Baseball is an egalitarian game. No room here for whiners. If you want to “Occupy Busch Stadium,” you have to earn it. And you have to want it. Mark Lowe was the Texas Ranger pitcher who surrendered the game winning home run to David Freese of the St. Louis Cardinals. Freese will go down in the annals of baseball as a bona fide hero. Who among us has not fantasized about hitting the game winning home run in the World Series? But Lowe may have emerged as an exemplar of heroism. Do you know what he said after the game? He said, “If you don’t want to be in that situation I was in, you’re in the wrong business. This is what I’ve worked for my whole career and I was where I wanted to be.”

It may only be a game but is there a lonelier feeling than facing down a hitter in the bottom half of an inning with the game on the line. One swing and it is over. And as two Ranger pitchers can attest, getting that last strike is not a given even if the odds are with you. Each of those pitchers, especially Mark Lowe, will be ready to go again, ready to take the ball, because that is what people of courage do. Maybe we make heroes out of baseball players because the game is so pure, so perfect. And maybe we know that sports cannot transcend politics.

We get spoiled by that purity because when we look to extend it to courage at a political level we are most often disappointed. So what does courage and redistricting have to do with each other? In Massachusetts, sadly, the two do not cross paths too often. At the State level, it is complicated and of course it is political but at least the numbers of seats do not change. At the Congressional level this year in Massachusetts, when the music stops, there will be one less Congressional district in the State. One incumbent Democrat has to get “voted off the island” by fellow Democrats. Conjecture about who that might be has haunted the process since the US Census numbers were announced early this year. Every incumbent declared they were going to stand for re-election in 2012. No quarter given and none asked.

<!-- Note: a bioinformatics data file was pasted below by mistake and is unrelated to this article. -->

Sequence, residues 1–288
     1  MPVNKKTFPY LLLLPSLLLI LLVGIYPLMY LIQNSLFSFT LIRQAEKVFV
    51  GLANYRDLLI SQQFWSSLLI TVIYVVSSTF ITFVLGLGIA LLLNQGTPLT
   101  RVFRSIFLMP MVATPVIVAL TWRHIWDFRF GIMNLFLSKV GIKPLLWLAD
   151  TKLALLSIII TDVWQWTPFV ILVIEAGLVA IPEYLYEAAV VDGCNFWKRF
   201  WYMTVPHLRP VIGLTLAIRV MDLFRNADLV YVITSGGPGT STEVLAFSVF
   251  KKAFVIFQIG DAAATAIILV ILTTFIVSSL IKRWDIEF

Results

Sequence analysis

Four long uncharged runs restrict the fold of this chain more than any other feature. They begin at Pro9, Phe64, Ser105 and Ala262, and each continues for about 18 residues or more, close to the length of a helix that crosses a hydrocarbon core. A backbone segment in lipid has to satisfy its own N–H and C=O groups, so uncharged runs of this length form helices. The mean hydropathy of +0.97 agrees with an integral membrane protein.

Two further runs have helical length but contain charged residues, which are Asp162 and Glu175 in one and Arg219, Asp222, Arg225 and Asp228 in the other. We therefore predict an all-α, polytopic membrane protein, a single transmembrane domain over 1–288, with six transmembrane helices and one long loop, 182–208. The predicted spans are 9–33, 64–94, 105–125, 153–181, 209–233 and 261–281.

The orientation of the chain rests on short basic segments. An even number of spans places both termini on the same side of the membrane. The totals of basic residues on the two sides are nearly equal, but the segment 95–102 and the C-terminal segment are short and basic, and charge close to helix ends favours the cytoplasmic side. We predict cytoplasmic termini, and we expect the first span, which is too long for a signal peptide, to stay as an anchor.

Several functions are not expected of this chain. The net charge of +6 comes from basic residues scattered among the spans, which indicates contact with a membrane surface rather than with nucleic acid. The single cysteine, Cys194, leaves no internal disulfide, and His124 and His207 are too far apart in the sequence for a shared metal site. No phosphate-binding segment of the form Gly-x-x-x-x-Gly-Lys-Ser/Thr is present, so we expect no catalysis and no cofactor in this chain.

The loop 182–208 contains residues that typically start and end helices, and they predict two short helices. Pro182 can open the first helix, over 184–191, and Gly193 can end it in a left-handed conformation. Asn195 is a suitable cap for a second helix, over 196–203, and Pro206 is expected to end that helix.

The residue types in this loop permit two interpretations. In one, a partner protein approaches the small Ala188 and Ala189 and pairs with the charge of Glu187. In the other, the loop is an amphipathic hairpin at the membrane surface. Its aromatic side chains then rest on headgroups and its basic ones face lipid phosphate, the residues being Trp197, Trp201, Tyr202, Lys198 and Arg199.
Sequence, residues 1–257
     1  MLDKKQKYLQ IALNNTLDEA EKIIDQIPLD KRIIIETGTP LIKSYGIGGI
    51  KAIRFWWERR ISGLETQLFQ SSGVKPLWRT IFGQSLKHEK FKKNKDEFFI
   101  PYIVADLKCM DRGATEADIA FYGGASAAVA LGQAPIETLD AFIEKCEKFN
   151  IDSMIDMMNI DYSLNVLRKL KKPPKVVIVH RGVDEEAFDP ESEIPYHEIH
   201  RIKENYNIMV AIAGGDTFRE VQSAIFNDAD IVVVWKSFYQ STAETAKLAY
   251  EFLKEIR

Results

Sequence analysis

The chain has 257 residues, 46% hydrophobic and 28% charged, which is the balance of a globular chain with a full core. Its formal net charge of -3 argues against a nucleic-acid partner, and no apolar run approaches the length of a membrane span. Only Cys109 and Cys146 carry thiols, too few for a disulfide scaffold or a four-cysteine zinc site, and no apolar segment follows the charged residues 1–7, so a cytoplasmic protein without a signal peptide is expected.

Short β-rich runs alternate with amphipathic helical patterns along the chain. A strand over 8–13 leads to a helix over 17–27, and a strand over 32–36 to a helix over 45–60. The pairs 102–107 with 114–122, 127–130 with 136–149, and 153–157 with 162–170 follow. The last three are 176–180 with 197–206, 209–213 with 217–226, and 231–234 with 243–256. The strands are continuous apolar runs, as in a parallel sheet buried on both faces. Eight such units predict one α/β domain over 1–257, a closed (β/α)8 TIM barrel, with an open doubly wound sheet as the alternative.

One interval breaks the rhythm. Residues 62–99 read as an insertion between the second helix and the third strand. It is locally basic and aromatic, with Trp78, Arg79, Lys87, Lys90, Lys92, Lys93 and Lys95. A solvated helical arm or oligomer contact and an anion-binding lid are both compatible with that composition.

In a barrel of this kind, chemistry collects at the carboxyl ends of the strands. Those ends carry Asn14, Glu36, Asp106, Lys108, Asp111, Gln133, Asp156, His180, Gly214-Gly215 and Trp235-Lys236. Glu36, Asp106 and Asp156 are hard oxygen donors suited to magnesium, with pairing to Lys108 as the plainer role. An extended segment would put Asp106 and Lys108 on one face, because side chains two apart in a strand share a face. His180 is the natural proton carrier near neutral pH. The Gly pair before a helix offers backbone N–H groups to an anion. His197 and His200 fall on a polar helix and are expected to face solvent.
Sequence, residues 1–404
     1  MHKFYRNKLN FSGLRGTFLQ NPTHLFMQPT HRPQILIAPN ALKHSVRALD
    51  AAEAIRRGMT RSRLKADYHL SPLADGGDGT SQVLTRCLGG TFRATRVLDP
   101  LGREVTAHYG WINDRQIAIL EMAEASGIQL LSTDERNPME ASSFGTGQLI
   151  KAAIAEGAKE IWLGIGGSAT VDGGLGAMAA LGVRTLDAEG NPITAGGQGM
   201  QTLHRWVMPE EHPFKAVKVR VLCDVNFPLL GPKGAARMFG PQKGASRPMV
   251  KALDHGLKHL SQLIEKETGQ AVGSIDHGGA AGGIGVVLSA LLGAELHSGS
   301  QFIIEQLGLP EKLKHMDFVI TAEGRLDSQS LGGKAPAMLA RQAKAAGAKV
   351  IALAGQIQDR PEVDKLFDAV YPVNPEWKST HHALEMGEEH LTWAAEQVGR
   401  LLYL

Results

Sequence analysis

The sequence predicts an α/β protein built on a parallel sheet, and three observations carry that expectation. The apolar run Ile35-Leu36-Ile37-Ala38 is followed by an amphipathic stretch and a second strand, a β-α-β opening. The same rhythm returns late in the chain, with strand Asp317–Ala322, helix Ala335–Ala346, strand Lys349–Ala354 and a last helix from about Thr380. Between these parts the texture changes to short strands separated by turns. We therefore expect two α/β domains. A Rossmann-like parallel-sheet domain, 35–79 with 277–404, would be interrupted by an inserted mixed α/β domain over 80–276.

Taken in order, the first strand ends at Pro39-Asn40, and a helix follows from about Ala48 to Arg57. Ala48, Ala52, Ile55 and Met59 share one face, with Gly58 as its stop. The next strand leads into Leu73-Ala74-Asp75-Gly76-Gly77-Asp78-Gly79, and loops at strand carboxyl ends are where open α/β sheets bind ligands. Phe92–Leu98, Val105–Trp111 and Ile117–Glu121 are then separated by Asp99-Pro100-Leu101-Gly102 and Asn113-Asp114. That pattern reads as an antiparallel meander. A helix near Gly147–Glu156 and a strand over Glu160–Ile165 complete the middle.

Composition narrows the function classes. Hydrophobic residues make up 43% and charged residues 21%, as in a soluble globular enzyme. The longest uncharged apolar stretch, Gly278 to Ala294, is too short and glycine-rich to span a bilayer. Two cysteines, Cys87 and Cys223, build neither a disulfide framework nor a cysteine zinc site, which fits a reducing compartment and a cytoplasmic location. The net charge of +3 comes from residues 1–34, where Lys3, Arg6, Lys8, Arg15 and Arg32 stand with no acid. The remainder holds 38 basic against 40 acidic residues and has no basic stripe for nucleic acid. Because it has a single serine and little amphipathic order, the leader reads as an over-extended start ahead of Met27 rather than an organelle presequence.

Somehow, behind the tightest of closed doors, the Statehouse committee was making some choices. Let us consider what the process yielded 10 years ago. It yielded the First District that comprises 40% of the land mass of the State and runs from the New York border on the west to Pepperell, a town just south of Nashua, NH. It is 3 hour car ride. The Second District incumbent benefited from this madness by the obvious exclusion of Springfield and Northampton, bastions of Democratic Party legacy and the home field of that incumbent. The Third District snakes along a torturous path from the Worcester suburbs in Central Massachusetts to Fall River. That is a 70 mile drive. The Fourth District shares Fall River with the Third and winds its way north to the edges of Boston proper. Five Congressional districts split up Worcester County horizontally, thereby diluting any clout it has in promoting a more conservative political outlook. Central Massachusetts sent a bevy of conservatives to the Statehouse in 2010.

The outcome of this year’s deliberation was nearly at hand when the bolt out of the blue announcement that Congressman John Olver, the incumbent who presides over 40% of the State, would, indeed, retire. If there were any thoughts in our minds that courage would prevail in this redistricting process, the words of Secretary of the Commonwealth William Galvin put an end to that. He said that the announcement might require the entire process to be rethought. Why? Was not the committee to be looking independently of the incumbents and focusing on the needs of the constituents of the Commonwealth? I’m shocked, shocked, I tell you, that the needs of the incumbents and the perpetuation of power in the hands of the Democrats has taken precedence over the concerns of the people. I cannot imagine that Worcester County will soon reunite under a single Congressional District, or even two.

No, the spineless are in control on Beacon Hill, and many other Statehouses, by the way, while the courageous, those want to be given the ball, are left to toil on the pitcher’s mound in Busch Stadium. What I wouldn’t give for a legislator with one half the courage of Mark Lowe. Give me the ball.

Press on.

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On Occupying Congress: Radio Essay for October 22, 2011

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On Occupying Congress: Essay for October 22, 2011